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I'm learning how to program with a book on Objective-c. I know, that's not great start, but anyway. What I want to find is exercises which gradually increase in difficulty from starting ones like hello world to fairly complex ones which require few hours to complete. Is there any site out there that offers those excercises? Not necessarily language-specific. I have seen Project Euler but it is more math based, and I'm not too good in math.

I know loops, got some grasp on classes, inheritance. What I want is to make something useful. I can't understand where to start.

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marked as duplicate by gnat, Jalayn, World Engineer Mar 26 '13 at 23:05

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4 Answers 4

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To learn programming, books are fine. Especially when starting out.

But to REALLY learn programming you've got to struggle. Think of an application you would like to create. Maybe a web application that you think would be useful to you or to someone you know. It can be way out of your reach. In fact it should be WAY out of your reach.

Then go for it. Google, ask questions, read books. STRUGGLE, and you'll find you learn SO much! You can do it. Just be patient, and work hard. It's a lot of fun!

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You should first read through the book and workout the examples so you have a grasp of the language. No sense in writing long code to solve a problem that can be easily done by syntax that you didn't bother to learn.

Check out MIT OCW and work through the intro programming class. The difficulty will go from easy to hard as you get deeper into the p-sets, and that's what you're looking for.

From there, definitely check out Project Euler and TopCoder competitions/puzzles. You don't need to be a math genius to be a good programmer, but you do need to be decently good at math.

And remember that "complex" is relative. What is complex to a rookie will be straightforward to seasoned veterans. Often times, people post on StackOverflow after tinkering for hours and get solutions in minutes. Don't try to do absurdly hard problems - try to challenge yourself a little more each time and work your way up.

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+1 for OCW Link. Great resource for people –  PSU_Kardi Jul 6 '11 at 20:19
It's good, but I already got all the basics, I'm into more advanced topics like protocols and categories. I think I need more exercises to get hold of the things I learned. –  Dvole Jul 6 '11 at 20:22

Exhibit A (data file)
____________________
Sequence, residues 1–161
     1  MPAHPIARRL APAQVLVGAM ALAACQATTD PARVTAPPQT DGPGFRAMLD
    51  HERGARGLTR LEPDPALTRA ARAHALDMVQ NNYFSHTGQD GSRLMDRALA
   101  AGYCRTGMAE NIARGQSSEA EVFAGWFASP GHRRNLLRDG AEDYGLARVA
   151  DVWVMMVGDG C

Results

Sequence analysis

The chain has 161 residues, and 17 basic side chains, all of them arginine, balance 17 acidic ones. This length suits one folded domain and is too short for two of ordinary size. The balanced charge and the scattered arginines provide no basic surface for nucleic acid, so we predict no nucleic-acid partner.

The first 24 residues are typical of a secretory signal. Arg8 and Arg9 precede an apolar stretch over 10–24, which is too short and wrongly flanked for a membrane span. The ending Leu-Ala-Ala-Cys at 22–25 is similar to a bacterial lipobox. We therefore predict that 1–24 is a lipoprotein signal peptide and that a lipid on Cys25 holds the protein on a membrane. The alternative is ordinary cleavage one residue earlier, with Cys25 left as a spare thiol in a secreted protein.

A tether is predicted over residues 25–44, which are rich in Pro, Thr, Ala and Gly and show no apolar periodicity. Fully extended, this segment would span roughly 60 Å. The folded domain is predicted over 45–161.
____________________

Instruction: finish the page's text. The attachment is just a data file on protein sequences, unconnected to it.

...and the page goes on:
@Dvole - " learning how to program" implies you don't have any of the basics. Please edit your OP to reflect your skill level better. Anyways, the kind of exercises you are looking for improve general skill, not impart specific knowledge. If you want to learn about specific topics, then google for material about those and look for open source projects that you can get involved with. –  BlackJack Jul 6 '11 at 20:30
I know loops, got some grasp on classes, inheritance. What I want is to make something useful. I can't understand where to start. –  Dvole Jul 6 '11 at 20:39
Can you discuss the complexity and implementation of a few sorting and searching algorithms? Do you know what a binary search tree is? Can you explain the differences between recursion and iteration? If not, read "The Algorithm Design Manual" by Steve Skeina and work through exercises. Build a strong foundation first, otherwise you'll be building castles in the air. Once you have solid fundamentals, then just look for books on topics that interest you, and you'll find what you need. –  BlackJack Jul 6 '11 at 20:43

Programming is almost always learned the hard way. Pick up a book, read it cover to cover. Work through the book. Then when you have looked at all the syntax and surrounding pieces to it, start coding. It will be like trudging through a swamp for your first application. But the second one will be easier. Then the third...then the fourth, etc. etc. etc. Then before you know it you will be profficient and writing some pretty cool software.

That's how we all learned! Good luck.

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I am going to assume that since you are learning Objective-C that you want to program for Mac OS X or iOS. If you are looking for a project-based approach, then the best book that I have read is Cocoa® Programming for Mac® OS X (3rd Edition) by Aaron Hillegass. The book assumes minimal programming knowledge, explains the common paradigms and patterns seen in Cocoa, and a lot of the principles in that book can be applied to iOS as well. One of the projects will give you an idea for a project to start on.

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I already got their book on Ios programming and working through it, finding it great –  Dvole Jul 7 '11 at 15:17

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